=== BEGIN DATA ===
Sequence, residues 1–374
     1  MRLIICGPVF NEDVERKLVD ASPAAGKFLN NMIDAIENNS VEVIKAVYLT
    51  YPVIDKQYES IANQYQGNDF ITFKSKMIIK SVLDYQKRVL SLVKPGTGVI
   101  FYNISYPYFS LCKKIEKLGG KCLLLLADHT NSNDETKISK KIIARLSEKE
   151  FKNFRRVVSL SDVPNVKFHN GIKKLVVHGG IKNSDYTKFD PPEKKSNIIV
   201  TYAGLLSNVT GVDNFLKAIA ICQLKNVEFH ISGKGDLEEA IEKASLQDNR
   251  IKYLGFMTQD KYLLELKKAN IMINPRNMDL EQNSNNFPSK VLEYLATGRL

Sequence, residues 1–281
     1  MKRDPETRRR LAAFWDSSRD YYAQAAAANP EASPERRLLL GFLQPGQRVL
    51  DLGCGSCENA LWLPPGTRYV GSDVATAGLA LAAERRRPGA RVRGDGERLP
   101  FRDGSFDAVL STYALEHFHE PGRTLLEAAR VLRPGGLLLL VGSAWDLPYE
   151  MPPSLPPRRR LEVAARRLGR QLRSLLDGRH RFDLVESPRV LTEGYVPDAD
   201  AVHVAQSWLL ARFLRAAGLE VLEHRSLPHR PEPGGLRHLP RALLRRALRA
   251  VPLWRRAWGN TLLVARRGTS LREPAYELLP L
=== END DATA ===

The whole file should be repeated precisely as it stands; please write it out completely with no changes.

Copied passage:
Sequence, residues 1–374
     1  MRLIICGPVF NEDVERKLVD ASPAAGKFLN NMIDAIENNS VEVIKAVYLT
    51  YPVIDKQYES IANQYQGNDF ITFKSKMIIK SVLDYQKRVL SLVKPGTGVI
   101  FYNISYPYFS LCKKIEKLGG KCLLLLADHT NSNDETKISK KIIARLSEKE
   151  FKNFRRVVSL SDVPNVKFHN GIKKLVVHGG IKNSDYTKFD PPEKKSNIIV
   201  TYAGLLSNVT GVDNFLKAIA ICQLKNVEFH ISGKGDLEEA IEKASLQDNR
   251  IKYLGFMTQD KYLLELKKAN IMINPRNMDL EQNSNNFPSK VLEYLATGRL

Sequence, residues 1–281
     1  MKRDPETRRR LAAFWDSSRD YYAQAAAANP EASPERRLLL GFLQPGQRVL
    51  DLGCGSCENA LWLPPGTRYV GSDVATAGLA LAAERRRPGA RVRGDGERLP
   101  FRDGSFDAVL STYALEHFHE PGRTLLEAAR VLRPGGLLLL VGSAWDLPYE
   151  MPPSLPPRRR LEVAARRLGR QLRSLLDGRH RFDLVESPRV LTEGYVPDAD
   201  AVHVAQSWLL ARFLRAAGLE VLEHRSLPHR PEPGGLRHLP RALLRRALRA
   251  VPLWRRAWGN TLLVARRGTS LREPAYELLP L